Each week renowned gadget expert Peter Rojas from gadget Q&A site GDGT.com answers your questions about green technology in our Ask A Tech Geek Series. Read on for this week’s installment and submit your questions below!
QUESTION: I’ve heard that it’s better to keep a laptop on sleep mode rather than shutting it off completely. Why is that the case? What would you recommend?
– submitted by WIll Giron
What you’re probably referring to is the concern that frequently shutting down and booting up causes stress to your computer’s hard drive that over time will culminate in catastrophic failure — and almost certainly at the worst possible moment, like when you’ve just finished a term paper.
Read on to learn the greenest state for your hard drive.
While it’s true that hard drives are complex mechanical devices that simply will breakdown sooner or later, the truth is that you’re far more likely to damage your drive from simply dropping your laptop — especially if it happens to be reading or writing data while it happens — than from the accumulated stress of booting it up every day. As long as you shut your computer down properly you shouldn’t have a problem; hard drives have really improved in quality over the years. Eventually drive failure won’t be an issue at all — more and more computers are coming with solid state drives that don’t have any moving parts at all.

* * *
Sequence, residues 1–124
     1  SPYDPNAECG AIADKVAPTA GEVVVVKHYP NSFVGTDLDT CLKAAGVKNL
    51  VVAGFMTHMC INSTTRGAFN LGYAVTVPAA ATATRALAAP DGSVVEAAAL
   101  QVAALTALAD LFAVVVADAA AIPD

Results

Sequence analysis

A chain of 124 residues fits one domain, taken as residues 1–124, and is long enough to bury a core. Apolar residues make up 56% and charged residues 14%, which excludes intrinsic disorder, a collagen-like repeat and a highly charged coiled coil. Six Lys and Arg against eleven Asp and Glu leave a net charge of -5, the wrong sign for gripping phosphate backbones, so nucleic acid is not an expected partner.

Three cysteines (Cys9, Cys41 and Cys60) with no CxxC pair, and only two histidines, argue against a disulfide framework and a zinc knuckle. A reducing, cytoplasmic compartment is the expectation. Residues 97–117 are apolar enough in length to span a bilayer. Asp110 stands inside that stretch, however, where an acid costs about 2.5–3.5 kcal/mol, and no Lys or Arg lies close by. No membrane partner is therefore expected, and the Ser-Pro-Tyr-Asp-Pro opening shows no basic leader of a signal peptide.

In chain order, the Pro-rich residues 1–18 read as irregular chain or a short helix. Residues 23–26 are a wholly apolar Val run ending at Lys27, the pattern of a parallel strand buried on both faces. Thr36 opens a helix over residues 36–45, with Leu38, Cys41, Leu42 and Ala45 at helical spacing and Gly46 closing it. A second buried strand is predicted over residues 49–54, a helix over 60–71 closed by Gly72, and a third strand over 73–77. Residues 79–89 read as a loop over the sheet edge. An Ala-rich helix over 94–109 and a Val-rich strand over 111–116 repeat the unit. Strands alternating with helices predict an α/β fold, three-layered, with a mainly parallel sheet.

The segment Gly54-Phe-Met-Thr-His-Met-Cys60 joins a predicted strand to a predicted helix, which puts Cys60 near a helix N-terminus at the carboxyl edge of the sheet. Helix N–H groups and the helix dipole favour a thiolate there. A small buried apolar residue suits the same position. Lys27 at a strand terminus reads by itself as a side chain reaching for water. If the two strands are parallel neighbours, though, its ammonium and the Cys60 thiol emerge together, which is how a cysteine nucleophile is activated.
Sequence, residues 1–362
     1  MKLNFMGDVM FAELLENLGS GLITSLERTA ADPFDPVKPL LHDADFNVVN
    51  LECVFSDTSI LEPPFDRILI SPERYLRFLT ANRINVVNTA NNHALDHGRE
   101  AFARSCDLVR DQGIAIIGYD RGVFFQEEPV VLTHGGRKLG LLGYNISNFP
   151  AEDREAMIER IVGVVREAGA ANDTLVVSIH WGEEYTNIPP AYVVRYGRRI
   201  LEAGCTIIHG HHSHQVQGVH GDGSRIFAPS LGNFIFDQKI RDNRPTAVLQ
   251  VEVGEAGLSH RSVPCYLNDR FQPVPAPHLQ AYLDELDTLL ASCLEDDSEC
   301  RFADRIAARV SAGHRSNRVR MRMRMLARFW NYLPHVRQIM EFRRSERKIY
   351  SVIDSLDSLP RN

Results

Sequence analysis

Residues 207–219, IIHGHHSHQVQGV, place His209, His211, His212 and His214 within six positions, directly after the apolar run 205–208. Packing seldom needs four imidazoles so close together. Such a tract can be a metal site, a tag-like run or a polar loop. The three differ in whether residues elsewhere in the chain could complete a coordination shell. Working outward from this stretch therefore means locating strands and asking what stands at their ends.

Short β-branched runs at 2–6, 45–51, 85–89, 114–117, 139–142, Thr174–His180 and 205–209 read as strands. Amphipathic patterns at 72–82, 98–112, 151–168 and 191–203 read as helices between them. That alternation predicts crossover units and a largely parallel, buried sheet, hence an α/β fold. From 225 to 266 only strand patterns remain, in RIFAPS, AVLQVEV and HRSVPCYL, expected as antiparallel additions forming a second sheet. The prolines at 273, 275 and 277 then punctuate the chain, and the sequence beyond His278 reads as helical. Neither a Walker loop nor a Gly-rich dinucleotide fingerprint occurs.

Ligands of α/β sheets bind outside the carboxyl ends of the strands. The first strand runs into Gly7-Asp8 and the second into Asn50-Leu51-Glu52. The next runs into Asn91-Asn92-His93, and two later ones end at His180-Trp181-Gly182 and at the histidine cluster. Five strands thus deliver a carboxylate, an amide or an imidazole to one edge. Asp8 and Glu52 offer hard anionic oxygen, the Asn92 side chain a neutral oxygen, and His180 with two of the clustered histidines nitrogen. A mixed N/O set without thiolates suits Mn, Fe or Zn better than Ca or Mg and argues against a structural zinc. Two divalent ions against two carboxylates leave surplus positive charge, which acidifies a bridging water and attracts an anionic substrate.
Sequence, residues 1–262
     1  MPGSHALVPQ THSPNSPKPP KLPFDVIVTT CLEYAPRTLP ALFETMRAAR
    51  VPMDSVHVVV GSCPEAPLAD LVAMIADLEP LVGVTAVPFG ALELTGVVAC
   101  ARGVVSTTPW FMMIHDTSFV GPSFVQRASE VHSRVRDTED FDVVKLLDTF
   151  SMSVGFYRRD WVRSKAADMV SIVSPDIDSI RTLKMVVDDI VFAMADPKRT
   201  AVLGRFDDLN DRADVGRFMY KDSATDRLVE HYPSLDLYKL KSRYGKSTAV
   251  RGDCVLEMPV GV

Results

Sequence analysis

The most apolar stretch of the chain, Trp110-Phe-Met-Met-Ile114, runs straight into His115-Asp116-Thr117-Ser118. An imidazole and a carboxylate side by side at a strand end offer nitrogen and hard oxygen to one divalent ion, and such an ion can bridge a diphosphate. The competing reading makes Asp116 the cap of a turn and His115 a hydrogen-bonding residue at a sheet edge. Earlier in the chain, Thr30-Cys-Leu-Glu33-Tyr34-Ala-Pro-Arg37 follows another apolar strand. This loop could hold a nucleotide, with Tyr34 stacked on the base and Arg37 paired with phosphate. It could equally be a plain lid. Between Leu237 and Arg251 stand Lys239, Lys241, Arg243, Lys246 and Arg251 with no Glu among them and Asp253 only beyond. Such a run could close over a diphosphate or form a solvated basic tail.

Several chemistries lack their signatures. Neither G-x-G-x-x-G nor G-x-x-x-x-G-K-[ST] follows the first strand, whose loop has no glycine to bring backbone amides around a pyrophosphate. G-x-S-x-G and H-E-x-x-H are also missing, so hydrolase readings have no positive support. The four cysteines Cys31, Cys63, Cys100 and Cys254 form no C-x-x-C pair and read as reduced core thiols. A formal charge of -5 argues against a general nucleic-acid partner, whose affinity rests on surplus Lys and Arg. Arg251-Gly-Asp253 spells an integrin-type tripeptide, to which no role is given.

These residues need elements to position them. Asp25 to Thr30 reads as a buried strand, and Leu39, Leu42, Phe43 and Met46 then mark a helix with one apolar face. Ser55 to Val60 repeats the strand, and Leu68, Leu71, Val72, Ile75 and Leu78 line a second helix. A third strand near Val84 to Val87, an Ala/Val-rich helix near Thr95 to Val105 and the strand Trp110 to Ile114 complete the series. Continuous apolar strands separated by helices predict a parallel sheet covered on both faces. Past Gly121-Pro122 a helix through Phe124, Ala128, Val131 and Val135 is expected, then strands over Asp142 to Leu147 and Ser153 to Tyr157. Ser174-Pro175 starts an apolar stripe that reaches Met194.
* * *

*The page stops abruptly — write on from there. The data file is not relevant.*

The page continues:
Photo by Declan Jewell
So, while you shouldn’t worry about breaking your computer by shutting it down every night, there are a few advantages to putting your computer to sleep rather than shutting it down. The biggest is convenience: if you’re waking it up from sleep mode you don’t have to wait for your machine to boot up before using it. Even though a couple of minutes might not sound like a long time, it can feel like forever when you’re sitting there waiting for everything to get going. You’ll also be able to pick up right where you left off, whereas if you shut down and reboot you’ll need to restart all of your applications.
The big disadvantage, of course, is that when you put your computer to sleep it’s still drawing power. If your goal is to conserve energy, shutting down completely is your best option. However keeping a computer in sleep mode requires very little energy – they usually draw about a tenth as much power as a computer that’s fully on. It’s not insignificant, but it’s typically not much more than a nightlight.
WANT TO ASK A TECH GEEK?
Do you have a green technology question you’d like to ask Peter? Submit it to him by leaving a comment on this post or tweeting it to @Inhabitat and/or @peterrojas with the hashtag #AskATechGeek!